(3) An ex parte warrant under subsection (1) to take physical

custody of a child shall do all of the following:

(a) Recite the facts on which a determination of a credible

risk of imminent wrongful removal of the child is based.

(b) Direct law enforcement officers to take physical custody

of the child immediately.

(c) State the date and time for the hearing on the petition.

(d) Provide for the safe interim placement of the child

pending further order of the court.

(4) If feasible, before issuing a warrant under this section

and before determining the placement of the child after the warrant

is executed, the court may order a search of the relevant databases

of the national crime information center system and similar state

databases to determine if either the petitioner or respondent has a

history of domestic violence, stalking, or child abuse or neglect.

(5) A petition and warrant under this section shall be served

on the respondent when or immediately after the child is taken into

physical custody.

(6) A warrant to take physical custody of a child, issued by

this state or another state, is enforceable throughout this state.

If the court finds that a less intrusive remedy will not be

effective, it may authorize law enforcement officers to enter

private property to take physical custody of the child. If required

by exigent circumstances, the court may authorize law enforcement

officers to make a forcible entry at any hour.

(7) If the court finds, after a hearing, that a petitioner

sought an ex parte warrant under subsection (1) for the purpose of

harassment or in bad faith, the court may award the respondent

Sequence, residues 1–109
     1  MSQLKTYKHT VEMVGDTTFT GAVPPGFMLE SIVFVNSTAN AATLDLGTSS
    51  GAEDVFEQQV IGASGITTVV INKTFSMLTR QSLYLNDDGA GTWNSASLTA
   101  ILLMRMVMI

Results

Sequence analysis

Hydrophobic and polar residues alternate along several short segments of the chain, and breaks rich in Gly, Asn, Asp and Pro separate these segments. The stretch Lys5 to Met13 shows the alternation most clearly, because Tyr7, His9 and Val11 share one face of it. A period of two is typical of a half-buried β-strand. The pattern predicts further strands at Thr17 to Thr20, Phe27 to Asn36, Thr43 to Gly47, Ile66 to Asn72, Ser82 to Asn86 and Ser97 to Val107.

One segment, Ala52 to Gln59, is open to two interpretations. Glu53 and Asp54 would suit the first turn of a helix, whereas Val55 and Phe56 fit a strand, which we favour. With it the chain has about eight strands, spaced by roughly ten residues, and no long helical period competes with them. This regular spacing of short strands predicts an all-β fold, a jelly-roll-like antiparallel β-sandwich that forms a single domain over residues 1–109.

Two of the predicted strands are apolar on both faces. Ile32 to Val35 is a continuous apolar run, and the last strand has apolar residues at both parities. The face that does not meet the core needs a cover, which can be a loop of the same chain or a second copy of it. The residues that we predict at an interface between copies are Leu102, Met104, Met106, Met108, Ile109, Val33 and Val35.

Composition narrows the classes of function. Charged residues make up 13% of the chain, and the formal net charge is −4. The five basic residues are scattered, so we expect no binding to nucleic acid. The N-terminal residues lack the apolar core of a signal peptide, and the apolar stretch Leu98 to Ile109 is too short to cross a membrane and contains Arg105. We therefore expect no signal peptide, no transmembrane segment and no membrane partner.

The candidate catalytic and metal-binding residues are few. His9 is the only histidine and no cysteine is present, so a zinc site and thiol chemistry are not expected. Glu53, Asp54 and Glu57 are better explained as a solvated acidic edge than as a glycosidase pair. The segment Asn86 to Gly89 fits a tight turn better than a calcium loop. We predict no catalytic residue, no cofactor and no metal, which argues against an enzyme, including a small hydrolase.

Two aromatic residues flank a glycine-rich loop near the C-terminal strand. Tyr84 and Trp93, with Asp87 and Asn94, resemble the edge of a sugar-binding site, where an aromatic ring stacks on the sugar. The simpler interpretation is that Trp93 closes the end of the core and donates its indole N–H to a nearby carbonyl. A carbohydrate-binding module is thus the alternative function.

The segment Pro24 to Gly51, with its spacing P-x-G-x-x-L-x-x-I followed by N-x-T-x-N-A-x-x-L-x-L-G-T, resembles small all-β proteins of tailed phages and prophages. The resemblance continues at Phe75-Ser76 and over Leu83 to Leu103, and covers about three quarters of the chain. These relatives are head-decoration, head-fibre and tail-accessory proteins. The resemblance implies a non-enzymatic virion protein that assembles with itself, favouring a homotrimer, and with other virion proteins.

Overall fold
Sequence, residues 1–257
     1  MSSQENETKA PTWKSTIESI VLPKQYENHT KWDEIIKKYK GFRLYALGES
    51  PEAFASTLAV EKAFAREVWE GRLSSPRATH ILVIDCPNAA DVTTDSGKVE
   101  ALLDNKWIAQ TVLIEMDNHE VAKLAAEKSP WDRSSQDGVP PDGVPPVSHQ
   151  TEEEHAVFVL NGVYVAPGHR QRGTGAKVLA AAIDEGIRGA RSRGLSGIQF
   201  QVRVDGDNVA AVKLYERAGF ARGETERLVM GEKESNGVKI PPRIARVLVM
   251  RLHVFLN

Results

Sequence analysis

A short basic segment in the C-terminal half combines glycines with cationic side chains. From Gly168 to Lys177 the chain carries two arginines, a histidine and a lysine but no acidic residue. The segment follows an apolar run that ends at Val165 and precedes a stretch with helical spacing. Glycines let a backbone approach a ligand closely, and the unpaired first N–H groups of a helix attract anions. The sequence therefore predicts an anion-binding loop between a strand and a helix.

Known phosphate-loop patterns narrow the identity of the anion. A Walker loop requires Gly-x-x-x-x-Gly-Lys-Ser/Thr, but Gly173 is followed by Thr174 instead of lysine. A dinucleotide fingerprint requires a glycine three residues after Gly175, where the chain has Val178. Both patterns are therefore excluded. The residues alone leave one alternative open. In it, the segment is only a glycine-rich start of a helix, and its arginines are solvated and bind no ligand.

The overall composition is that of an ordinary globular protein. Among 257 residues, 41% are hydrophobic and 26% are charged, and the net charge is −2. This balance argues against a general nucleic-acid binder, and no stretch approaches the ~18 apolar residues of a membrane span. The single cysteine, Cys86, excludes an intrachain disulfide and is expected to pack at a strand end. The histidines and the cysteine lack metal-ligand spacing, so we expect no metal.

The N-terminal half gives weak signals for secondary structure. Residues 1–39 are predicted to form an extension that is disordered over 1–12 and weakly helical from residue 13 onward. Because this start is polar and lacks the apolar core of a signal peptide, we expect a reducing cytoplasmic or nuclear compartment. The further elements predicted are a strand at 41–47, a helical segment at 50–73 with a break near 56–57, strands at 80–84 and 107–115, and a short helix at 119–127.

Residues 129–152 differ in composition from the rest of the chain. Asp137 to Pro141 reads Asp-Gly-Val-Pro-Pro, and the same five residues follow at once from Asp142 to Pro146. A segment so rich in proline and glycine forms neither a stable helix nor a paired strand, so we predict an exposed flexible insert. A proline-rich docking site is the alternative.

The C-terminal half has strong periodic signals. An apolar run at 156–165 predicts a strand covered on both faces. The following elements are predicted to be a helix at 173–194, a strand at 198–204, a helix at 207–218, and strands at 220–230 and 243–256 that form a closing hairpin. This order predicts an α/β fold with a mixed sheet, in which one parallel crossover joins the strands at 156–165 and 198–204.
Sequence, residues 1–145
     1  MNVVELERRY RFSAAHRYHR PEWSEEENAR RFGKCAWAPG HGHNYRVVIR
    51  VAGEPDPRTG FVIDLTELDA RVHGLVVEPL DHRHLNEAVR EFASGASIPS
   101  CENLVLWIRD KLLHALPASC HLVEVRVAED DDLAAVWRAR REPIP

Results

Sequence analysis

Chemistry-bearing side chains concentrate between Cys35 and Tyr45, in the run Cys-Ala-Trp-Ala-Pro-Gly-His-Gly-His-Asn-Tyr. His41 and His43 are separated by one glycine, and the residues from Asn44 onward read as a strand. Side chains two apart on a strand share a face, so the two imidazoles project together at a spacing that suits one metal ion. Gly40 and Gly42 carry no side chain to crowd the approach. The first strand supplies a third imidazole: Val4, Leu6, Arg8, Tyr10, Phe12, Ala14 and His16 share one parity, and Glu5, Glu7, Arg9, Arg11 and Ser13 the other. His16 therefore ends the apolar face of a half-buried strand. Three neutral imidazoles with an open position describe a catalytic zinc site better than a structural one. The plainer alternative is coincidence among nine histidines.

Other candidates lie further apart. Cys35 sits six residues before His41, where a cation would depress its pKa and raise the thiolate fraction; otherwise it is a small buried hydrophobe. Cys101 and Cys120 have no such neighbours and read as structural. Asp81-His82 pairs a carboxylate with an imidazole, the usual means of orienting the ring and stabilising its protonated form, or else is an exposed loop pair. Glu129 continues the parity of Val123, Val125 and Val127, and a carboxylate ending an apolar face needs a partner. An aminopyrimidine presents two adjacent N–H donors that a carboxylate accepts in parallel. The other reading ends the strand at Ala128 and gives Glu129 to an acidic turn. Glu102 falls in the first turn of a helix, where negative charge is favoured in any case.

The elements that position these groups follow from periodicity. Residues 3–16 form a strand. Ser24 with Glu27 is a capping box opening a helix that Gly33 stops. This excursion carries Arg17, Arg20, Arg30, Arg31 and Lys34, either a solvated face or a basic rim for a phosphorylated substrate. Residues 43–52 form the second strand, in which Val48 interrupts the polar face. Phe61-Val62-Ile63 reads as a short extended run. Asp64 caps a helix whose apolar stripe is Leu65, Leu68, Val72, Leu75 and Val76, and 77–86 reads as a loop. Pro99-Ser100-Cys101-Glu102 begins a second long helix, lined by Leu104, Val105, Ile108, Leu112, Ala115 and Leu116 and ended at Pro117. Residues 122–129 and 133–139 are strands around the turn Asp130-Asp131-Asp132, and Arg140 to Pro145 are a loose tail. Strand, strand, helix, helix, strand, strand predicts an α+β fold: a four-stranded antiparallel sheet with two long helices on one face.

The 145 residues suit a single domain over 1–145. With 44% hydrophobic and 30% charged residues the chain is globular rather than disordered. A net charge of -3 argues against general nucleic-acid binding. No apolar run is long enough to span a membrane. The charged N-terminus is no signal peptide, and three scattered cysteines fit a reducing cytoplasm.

reasonable attorney fees, costs, and expenses.

(8) This act does not affect the availability of relief

allowed under other law of this state.

Sec. 10. An abduction prevention order remains in effect until

the earliest of the following:

(a) The time stated in the order.

(b) The emancipation of the child.

(c) The child’s attaining 18 years of age.

(d) The time the order is modified, revoked, vacated, or

superseded by a court with jurisdiction under sections 201 to 203

of the uniform child-custody jurisdiction and enforcement act, 2001

PA 195, MCL 722.1201 to 722.1203, or other applicable law of this

state.

Sec. 11. In applying and construing this uniform act, a court

shall consider the need to promote uniformity of the law with

respect to its subject matter among states that enact it.

Sec. 12. This act modifies, limits, and supersedes the federal

electronic signatures in global and national commerce act, 15 USC

7001 to 7031, but does not modify, limit, or supersede 15 USC

7001(c) or authorize electronic delivery of any of the notices

described in 15 USC 7003(b).


7 posted on 10/13/2013 7:19:32 PM PDT by Pikachu_Dad (Impeach Sen Quinn)
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To: Pikachu_Dad

Don’t you just love section 4.

LITIGANTS NOT REQUIRED.

The Court is authorized to act on its OWN motion.

So mom or dad don’t even have to ask. The court can just order child protection measures.

SURPRISE, SURPRISE, SURPRISE.

” Sec. 4. (1) A court on its own motion may order abduction prevention measures in a child-custody proceeding if the court finds that the evidence establishes a credible risk of abduction of the child.”


9 posted on 10/13/2013 7:23:24 PM PDT by Pikachu_Dad (Impeach Sen Quinn)
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To: Pikachu_Dad

Anytime it is unanimous it is a bad thing for the people


25 posted on 10/13/2013 8:14:32 PM PDT by GeronL
[ Post Reply | Private Reply | To 7 | View Replies ]